California State Route 154
State Route 154 (SR 154) (also known as the Chumash Highway or unofficially as San Marcos Pass Road after the signage) is a state highway in the U.S. state of California that runs from Los Olivos to Santa Barbara, crossing the San Marcos Pass in the Santa Ynez Mountains. Before U.S. Route 101 was built through the Gaviota Pass, SR 154 was the main throughway to Santa Barbara and the tri city area including use as a stagecoach route in early years. After being replaced by US 101 as the primary route between the Santa Ynez Valley and Santa Barbara, SR 154 now serves as a scenic bypass.
SR 154 highlighted in red
|Defined by Streets and Highways Code § 454|
|Maintained by Caltrans|
|Length||32.30 mi (51.98 km)|
|San Marcos Pass Road|
|Restrictions||No hazardous material along the segment through the San Marcos Pass between SR 246 and US 101|
|West end||US 101 near Los Olivos|
|SR 192 near Santa Barbara|
|East end||US 101 in Santa Barbara|
It is a 2 lane road with some passing lanes, with the highest altitude being 2000 ft. It rivals US 101 for traffic, but it goes through the Los Padres National Forest and the San Marcos Pass. It starts in Los Olivos as a spur from US 101, goes through the town, and then the end of SR 246 at Santa Ynez. It then reaches Lake Cachuma and passes through the Los Padres National Forest, and across the Cold Spring Canyon Arch Bridge, where Cold Spring Tavern is on Stagecoach Road which passes below the bridge. Nearby it crosses Camino Cielo Road to the East and West, then the intersection of Painted Cave Road and Old San Marcos Road before descending to Santa Barbara. It then briefly becomes four lanes and passes an offramp for SR 192 (named Foothill Road to the East and Cathedral Oaks Road to the West of SR 154), before stopping at Calle Real and a Southbound onramp to US 101 and ending at the point where State Street to the East becomes Hollister Avenue to the West.
SR 154 is part of the California Freeway and Expressway System, but is not part of the National Highway System, a network of highways that are considered essential to the country's economy, defense, and mobility by the Federal Highway Administration. SR 154 is eligible for the State Scenic Highway System, and is officially designated as a scenic highway by the California Department of Transportation, meaning that it is a substantial section of highway passing through a "memorable landscape" with no "visual intrusions", where the potential designation has gained popular favor with the community.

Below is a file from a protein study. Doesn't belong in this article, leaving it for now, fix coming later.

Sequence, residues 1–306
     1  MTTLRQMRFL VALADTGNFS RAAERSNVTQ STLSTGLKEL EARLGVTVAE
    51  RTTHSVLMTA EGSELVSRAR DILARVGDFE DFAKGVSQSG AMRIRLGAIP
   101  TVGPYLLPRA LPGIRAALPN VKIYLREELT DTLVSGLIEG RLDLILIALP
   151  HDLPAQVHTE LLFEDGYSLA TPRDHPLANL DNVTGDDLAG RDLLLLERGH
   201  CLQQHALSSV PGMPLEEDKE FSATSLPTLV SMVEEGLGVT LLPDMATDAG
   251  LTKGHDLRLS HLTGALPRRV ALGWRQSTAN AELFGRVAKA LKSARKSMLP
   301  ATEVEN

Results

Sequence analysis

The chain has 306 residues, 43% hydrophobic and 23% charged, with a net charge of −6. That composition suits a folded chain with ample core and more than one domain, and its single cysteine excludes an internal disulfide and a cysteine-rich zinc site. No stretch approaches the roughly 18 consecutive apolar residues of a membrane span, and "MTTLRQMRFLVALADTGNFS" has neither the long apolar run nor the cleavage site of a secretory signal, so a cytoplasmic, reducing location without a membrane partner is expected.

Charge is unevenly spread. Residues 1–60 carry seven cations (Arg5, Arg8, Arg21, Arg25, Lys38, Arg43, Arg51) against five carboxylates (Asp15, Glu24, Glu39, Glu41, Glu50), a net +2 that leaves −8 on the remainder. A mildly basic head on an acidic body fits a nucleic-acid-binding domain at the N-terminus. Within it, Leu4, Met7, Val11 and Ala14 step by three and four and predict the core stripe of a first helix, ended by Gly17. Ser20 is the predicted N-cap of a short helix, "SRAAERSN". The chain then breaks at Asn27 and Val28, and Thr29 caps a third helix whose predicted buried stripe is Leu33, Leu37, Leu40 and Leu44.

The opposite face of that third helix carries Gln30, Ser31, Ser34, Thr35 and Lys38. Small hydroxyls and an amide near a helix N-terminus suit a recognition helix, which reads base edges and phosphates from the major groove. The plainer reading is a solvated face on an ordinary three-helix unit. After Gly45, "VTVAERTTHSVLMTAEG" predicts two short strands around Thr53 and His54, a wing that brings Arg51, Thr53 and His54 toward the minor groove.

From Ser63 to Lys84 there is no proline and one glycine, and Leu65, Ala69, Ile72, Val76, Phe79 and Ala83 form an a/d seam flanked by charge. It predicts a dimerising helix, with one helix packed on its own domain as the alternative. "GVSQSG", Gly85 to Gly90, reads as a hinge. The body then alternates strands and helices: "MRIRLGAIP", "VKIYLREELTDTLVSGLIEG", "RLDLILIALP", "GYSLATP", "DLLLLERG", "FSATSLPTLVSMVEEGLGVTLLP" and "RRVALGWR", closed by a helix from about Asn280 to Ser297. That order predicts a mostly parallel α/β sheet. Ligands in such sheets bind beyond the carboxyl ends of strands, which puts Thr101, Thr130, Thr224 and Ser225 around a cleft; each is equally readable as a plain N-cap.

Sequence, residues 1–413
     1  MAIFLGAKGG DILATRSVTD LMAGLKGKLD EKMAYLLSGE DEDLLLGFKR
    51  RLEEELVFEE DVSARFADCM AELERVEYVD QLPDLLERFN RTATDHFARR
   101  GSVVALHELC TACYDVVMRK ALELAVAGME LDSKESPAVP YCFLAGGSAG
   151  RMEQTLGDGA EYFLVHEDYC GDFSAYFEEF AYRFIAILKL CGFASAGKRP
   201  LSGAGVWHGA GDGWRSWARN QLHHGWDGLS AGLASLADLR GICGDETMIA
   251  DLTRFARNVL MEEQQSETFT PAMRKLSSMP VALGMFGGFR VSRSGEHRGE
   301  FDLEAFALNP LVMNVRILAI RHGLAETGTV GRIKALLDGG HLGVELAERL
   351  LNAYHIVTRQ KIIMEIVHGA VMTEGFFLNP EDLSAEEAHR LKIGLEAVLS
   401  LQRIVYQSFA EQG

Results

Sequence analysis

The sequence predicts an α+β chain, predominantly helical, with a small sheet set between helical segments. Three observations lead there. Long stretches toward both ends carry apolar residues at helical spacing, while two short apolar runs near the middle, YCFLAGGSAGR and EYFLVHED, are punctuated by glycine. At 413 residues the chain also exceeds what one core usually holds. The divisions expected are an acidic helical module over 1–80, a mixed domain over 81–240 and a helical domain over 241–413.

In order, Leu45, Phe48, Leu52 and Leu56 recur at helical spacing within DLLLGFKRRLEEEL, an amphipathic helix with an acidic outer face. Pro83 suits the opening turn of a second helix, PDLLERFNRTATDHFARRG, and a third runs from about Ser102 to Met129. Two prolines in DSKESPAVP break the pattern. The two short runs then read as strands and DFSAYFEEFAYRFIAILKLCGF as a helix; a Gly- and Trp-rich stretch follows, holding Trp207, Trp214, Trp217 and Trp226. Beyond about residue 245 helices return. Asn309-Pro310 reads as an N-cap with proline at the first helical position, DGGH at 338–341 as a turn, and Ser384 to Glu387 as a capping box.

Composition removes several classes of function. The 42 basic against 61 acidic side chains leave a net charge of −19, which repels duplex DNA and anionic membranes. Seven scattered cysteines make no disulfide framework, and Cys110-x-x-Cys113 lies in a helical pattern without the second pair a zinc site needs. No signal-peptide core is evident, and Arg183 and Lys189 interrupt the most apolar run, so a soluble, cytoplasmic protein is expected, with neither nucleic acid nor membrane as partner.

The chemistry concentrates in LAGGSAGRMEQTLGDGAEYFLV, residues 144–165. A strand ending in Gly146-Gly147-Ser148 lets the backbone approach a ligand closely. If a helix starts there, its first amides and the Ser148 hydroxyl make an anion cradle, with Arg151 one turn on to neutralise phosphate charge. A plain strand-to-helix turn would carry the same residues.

Except where prefixed with a letter, postmiles were measured on the road as it was in 1964, based on the alignment that existed at the time, and do not necessarily reflect current mileage. R reflects a realignment in the route since then, M indicates a second realignment, L refers an overlap due to a correction or change, and T indicates postmiles classified as temporary (for a full list of prefixes, see the list of postmile definitions). Segments that remain unconstructed or have been relinquished to local control may be omitted. The entire route is in Santa Barbara County.
|Zaca Station||R0.00||US 101 – Santa Maria, Santa Barbara||Interchange; west end of SR 154|
|||R8.11||SR 246 west / Armour Ranch Road – Santa Ynez, Solvang, Buellton|
|||West end of freeway|
|||R31.55||32||SR 192 east (Foothill Road) / Cathedral Oaks Road|
|||East end of freeway|
|Santa Barbara||32.28||US 101 (SR 1)||Interchange; east end of SR 154|
|32.28||State Street||Continuation beyond US 101|
|1.000 mi = 1.609 km; 1.000 km = 0.621 mi|
- "Special Route Restrictions". Caltrans. Retrieved 2014-07-28.
- California Department of Transportation (April 2008). "Log of Bridges on State Highways". Sacramento: California Department of Transportation.
- ACR 75
- "Article 2 of Chapter 2 of Division 1 of the California Streets and Highways Code". Sacramento: California Office of Legislative Counsel. Retrieved February 6, 2019.
- Federal Highway Administration (March 25, 2015). National Highway System: California (South) (PDF) (Map). Scale not given. Washington, DC: Federal Highway Administration. Retrieved September 24, 2017.
- Natzke, Stefan; Neathery, Mike & Adderly, Kevin (June 20, 2012). "What is the National Highway System?". National Highway System. Washington, DC: Federal Highway Administration. Retrieved July 1, 2012.
- "Article 2.5 of Chapter 2 of Division 1 of the California Streets & Highways Code". California Office of Legislative Counsel. Retrieved February 6, 2019.
- California Department of Transportation (September 7, 2011). "Officially Designated State Scenic Highways and Historic Parkways". Sacramento: California Department of Transportation. Retrieved September 24, 2017.
- California Department of Transportation (2012). Scenic Highway Guidelines (PDF). Sacramento: California Department of Transportation. p. 5. Retrieved June 8, 2017.
- California State Assembly. "An act establishing certain additional state highways and classifying them as secondary highways". Forty-ninth Session of the Legislature. Statutes of California. State of California. Ch. 82.
- California State Assembly. "An act to add Section 253 and Article 3 (commencing with Section 300) to Chapter 2 of Division 1 of, and to repeal Section 253 and Article 3 (commencing with Section 300) of Chapter 2 of Division 1 of, the..." 1963 Session of the Legislature. Statutes of California. State of California. Ch. 385 p. 1182.
- California Department of Transportation. "State Truck Route List". Sacramento: California Department of Transportation. Archived from the original (XLS file) on June 30, 2015. Retrieved June 30, 2015.
- California Department of Transportation, All Traffic Volumes on CSHS, 2007